The Iron Pillar of Delhi is a nearly 24-ft. iron pillar that is located in the Quwwat-ul Mosque. It weighs more than 6 tons and is made of 98% wrought iron. It is thought that the Iron Pillar of Delhi was crafted using forge welding. The pillar is ornate, but hardly awe-inspiring, unless one knows just how long and mysterious the history of it is.
The Quwwat-ul Mosque dates back to 1192. It stands around the Iron Pillar in ruins, giving away its great age. The mosque is a relic of an Islamic India, long-standing, but not long past. The Iron Pillar dates back even further than the ruined Islamic building, which surrounds it, but the iron pillar gives away nothing of its age on first glance. It was forged 1,600 years ago (sometime in the 300s) and moved to Delhi roughly 1,000 years ago, before the mosque was built. An iron pillar that old should have fallen to dust and blown away with the breeze long before now. Nonetheless, the Hindu-made pillar stands strong above the Islamic ruins that seem as though they will fall to dust long before it does.
According to a popular translation of the Brahmi script upon the Iron Pillar of Delhi, the pillar was made for a king (presumably of the Gupta period, given the era of its creation). It was also made to honor one of the most important Hindu gods – Vishnu. Which Gupta king the Iron Pillar was made for is not made clear by the inscription. However, it is widely believed that the king to which the inscription refers is Chandragupta Vikramaditya.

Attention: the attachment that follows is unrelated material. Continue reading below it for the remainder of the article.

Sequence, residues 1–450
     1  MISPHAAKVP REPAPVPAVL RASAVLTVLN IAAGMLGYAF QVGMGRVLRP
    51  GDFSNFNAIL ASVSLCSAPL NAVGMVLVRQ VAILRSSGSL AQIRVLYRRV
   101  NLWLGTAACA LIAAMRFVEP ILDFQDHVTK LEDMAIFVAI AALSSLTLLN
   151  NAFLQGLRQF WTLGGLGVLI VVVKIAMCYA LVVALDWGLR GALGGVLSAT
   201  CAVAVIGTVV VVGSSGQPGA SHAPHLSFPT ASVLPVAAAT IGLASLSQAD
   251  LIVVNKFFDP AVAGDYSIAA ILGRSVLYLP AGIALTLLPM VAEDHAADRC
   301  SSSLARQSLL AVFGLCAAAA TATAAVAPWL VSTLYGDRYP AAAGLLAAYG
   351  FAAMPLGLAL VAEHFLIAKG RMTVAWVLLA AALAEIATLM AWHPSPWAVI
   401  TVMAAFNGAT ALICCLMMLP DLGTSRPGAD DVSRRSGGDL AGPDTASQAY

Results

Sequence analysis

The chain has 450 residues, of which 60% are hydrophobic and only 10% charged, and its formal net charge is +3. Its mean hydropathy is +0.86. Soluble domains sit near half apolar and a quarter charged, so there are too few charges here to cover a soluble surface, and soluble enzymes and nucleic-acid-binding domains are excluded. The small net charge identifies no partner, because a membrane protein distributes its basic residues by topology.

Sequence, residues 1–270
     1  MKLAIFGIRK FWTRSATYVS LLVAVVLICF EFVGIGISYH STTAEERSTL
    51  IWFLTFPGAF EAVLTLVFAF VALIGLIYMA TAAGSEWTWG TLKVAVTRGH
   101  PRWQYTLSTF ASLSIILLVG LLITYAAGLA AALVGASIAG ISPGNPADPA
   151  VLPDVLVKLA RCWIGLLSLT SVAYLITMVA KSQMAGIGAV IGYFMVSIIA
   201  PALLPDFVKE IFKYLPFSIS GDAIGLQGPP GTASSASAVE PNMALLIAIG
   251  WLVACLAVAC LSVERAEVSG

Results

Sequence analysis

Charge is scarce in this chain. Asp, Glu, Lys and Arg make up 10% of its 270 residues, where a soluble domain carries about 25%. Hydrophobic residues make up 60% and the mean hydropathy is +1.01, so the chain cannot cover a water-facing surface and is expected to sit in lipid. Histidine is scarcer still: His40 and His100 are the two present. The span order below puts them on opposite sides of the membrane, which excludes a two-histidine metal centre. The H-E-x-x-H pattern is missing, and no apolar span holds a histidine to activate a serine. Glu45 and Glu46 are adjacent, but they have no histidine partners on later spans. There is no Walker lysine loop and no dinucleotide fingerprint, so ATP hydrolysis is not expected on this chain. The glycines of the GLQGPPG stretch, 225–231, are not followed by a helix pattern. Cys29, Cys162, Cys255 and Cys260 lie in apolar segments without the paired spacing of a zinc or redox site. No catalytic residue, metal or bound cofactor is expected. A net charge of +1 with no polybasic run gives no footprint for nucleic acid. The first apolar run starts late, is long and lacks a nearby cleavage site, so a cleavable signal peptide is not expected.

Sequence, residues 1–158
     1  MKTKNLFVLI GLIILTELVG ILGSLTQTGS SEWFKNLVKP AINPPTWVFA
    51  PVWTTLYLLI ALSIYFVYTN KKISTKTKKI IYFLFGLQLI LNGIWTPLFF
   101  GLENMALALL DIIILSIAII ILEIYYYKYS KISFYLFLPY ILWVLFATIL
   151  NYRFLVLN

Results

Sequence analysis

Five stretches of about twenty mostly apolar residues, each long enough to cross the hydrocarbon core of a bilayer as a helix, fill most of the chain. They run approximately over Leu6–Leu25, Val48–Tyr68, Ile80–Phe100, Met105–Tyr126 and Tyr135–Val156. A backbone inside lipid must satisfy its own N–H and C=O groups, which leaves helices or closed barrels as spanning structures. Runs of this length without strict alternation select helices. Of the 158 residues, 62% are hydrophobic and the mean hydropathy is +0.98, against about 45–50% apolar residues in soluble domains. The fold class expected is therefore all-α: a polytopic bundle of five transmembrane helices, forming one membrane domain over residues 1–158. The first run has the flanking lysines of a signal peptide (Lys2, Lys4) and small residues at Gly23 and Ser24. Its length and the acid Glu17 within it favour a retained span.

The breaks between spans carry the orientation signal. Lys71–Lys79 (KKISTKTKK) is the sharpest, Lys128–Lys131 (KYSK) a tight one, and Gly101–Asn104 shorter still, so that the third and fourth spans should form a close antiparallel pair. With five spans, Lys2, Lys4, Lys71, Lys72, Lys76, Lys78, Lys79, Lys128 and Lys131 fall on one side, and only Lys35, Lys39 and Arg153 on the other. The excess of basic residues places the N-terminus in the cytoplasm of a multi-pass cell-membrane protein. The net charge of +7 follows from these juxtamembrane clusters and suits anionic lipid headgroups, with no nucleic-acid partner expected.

The purpose of the Iron Pillar of Delhi is one of its many mysteries. Some say it was a flagstaff made for the king mentioned in the inscription. Others say it was a sundial at its original home in Madhya Pradesh. Why it is no longer in Madhya Pradesh is yet another mystery. There is no evidence of who moved the pillar 1,000 years ago, how it was moved or even why it was moved. All we can say for certain about this aspect of the history of the pillar is that the mysterious Iron Pillar has been part of the Delhi landscape for a very long time.
One of the main catalysts for rust is humidity and Delhi is not very humid. This could be one of the factors in the natural preservation of the Iron Pillar of Delhi. Other possibilities include the skill of the men who made the pillar, the quality of the materials used (unlikely) and fortuitous conditions that caused a protective layer to appear on the pillar. Many sources cite a protective layer of something called “misawite” as the reason for the Iron Pillar’s condition. However, the term misawite seems to appear only in conversation about the Iron Pillar, so it is hard to test the veracity of those claims.
Like so many other mysterious objects, the Iron Pillar is not giving up its secrets easily and some, sadly, may be lost to time forever. Someone may have erased the answers to the Iron Pillar’s mysteries from the pages of history hundreds of years ago, never knowing that people would eventually forget. War or a natural disaster could have claimed the pages of history necessary to explain this strange artifact or the pages simply never existed. Alternatively, the information is still out there waiting to be discovered, through analysis of the pillar itself or rummaging through India’s rich history.